She has also received support from the Olav Thon Foundation, for a development project on student-active teaching in the field.
Focuses on the students’ learning
In 2015, Jørgensen received the University of Bergen Learning Environment Prize, where the students themselves nominate the teachers. He has also received an award from the Olav Thon Foundation for excellent teaching. Despite praise from both the students and the committee, he says that he does not always like to teach. – I am an introvert and become nervous, and I am utterly worn out afterwards. Despite this, he says he focuses on the result: the students’ learning.
– I calculated that if I teach 100 students poorly in a lecture then I throw away 200 working hours for them. If I instead give lessons from which they learn quickly, I may be able to help them save 2 hours weekly. Altogether, my work in a two-hour teaching session can correspond to 10 working weeks for resourceful young people in their most productive age.
This is a challenge he takes seriously.
– Fortunately, there is a wealth of literature on pedagogy with measurable effect. I try to think carefully about what I do and why, and always look for new ways to make it clearer for the students what they should understand. Along with clear feedback on their achievements, I hope that the students will have a good starting point to learn.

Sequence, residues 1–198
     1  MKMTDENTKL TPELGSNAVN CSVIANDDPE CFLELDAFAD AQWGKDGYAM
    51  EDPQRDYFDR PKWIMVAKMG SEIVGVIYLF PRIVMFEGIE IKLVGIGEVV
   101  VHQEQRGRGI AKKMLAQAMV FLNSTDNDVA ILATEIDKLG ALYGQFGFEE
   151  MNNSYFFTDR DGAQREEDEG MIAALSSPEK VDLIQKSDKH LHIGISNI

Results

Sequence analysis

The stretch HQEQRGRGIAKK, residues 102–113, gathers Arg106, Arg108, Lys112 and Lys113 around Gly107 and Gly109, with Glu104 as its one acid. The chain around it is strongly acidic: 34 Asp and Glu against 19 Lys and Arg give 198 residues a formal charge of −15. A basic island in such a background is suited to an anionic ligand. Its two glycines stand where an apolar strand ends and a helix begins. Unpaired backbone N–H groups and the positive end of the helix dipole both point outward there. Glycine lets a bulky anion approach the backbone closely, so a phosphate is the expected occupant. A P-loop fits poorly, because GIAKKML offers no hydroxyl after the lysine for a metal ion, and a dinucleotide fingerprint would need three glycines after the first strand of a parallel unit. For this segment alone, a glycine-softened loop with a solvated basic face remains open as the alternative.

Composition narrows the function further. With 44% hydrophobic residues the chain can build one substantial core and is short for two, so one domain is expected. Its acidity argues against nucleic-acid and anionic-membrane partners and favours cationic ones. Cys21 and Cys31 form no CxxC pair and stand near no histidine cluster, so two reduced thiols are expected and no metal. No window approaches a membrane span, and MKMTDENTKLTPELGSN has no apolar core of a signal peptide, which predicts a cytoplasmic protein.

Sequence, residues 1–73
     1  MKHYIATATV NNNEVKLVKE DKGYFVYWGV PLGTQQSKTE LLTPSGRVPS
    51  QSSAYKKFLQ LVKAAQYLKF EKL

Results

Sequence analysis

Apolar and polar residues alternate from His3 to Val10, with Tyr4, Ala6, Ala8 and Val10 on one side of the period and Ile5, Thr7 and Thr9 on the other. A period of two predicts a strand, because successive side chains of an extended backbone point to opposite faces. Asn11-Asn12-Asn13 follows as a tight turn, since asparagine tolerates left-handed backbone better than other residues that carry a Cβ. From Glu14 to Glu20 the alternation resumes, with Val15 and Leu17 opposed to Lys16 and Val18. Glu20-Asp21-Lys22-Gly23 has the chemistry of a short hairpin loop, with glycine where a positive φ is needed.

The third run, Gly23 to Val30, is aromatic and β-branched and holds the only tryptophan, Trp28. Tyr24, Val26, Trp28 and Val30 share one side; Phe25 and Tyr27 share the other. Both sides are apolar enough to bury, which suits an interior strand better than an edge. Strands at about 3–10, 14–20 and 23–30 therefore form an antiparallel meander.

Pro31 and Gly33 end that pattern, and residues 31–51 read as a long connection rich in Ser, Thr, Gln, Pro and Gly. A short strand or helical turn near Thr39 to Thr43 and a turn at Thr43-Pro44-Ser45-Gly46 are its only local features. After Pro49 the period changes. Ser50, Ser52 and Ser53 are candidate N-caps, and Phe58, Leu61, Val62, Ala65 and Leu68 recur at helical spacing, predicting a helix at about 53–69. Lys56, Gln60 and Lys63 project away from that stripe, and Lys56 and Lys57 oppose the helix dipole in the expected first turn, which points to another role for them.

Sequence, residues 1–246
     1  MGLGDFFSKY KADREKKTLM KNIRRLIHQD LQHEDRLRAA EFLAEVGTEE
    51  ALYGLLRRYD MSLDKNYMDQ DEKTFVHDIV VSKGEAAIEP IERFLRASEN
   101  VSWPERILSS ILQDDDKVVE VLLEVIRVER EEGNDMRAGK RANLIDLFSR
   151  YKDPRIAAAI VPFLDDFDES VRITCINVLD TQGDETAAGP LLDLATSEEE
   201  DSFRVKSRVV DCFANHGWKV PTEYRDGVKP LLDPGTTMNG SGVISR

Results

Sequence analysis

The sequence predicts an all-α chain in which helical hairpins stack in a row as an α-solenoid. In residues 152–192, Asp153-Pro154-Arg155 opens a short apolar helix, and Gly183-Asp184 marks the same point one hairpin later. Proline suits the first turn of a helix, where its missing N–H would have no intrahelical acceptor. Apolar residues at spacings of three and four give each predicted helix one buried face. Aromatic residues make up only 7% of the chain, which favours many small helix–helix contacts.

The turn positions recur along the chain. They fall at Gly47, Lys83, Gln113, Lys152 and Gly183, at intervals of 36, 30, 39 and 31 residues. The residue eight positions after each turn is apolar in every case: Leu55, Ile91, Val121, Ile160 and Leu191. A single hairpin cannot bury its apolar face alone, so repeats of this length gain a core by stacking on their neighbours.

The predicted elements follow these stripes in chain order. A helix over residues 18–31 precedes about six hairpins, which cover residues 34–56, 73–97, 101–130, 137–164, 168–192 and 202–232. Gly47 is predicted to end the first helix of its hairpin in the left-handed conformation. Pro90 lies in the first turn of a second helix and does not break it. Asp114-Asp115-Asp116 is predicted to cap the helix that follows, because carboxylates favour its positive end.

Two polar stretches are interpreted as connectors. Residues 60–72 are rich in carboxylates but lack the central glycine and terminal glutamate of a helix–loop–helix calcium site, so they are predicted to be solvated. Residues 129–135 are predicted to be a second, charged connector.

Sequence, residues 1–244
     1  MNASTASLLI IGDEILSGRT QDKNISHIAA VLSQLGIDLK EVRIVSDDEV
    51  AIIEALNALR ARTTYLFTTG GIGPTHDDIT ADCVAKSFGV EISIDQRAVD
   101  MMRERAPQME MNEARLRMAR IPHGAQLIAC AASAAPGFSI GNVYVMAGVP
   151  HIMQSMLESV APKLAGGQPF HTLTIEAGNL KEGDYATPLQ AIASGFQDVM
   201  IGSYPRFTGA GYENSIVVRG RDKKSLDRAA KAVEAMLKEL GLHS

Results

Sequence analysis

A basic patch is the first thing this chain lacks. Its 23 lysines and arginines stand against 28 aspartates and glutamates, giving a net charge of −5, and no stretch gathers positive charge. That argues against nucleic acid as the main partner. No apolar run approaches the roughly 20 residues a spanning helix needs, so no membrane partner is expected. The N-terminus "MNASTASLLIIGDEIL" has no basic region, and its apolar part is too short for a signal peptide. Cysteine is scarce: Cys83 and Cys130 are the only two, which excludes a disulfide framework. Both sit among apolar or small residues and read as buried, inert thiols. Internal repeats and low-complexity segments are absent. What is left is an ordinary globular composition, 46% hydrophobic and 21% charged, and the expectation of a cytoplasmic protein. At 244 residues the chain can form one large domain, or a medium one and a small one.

Members of the Pedagogical Academy
These excellent teaching practitioners become a part of the Pedagogical Academy. The purpose is to raise the quality of education at the Faculty through a collegial and collaborative teaching and learning culture. In co-operation with the Faculty, they manage funds for educational development activities.
– I look forward to discussions across disciplines. I hope that it will inspire further work on excellent teaching, and that together we can get more to see the benefits of working with teaching in the same way that we work with research, says Eidesen.
Jørgensen hopes that the Pedagogical Academy will make it easier to get the attention of those who make decisions that have consequences for classroom pedagogy in the university sector.
– I am concerned with institutional rules and routines that hinder effective learning, and I currently have a focus on the meaning of grades and appeal rules for learning and resource use. He says that he has a good network of enthusiastic colleagues at UiB who work for excellent teaching.
– It is often easier to make changes if one talks to the right people in the administration or bureaucracy, but they are often difficult to identify and come into contact with, especially outside your own institution. Hopefully, the Pedagogical Academy will be a place to discuss ideas to sort what should be pursued, and at the same time open doors to the right people inside and outside UiB, the teacher says.
Excellent Teaching Practitioners (ETP)
- As the first institution in Norway, the MatNat Faculty at University of Bergen established a merit system for teaching in 2017.
- Teachers who receive the status join the Pedagogical Academy, and will contribute to a collegial teaching culture.
- The teacher receives NOK 50,000 in salary increase.
- The criteria covers the full educational activity, including teaching, supervision, planning, and evaluation.
The criteria for evaluation:
- Focus on students’ learning
- Clear development over time
- A scholarly approach
- Collegial attitude and practice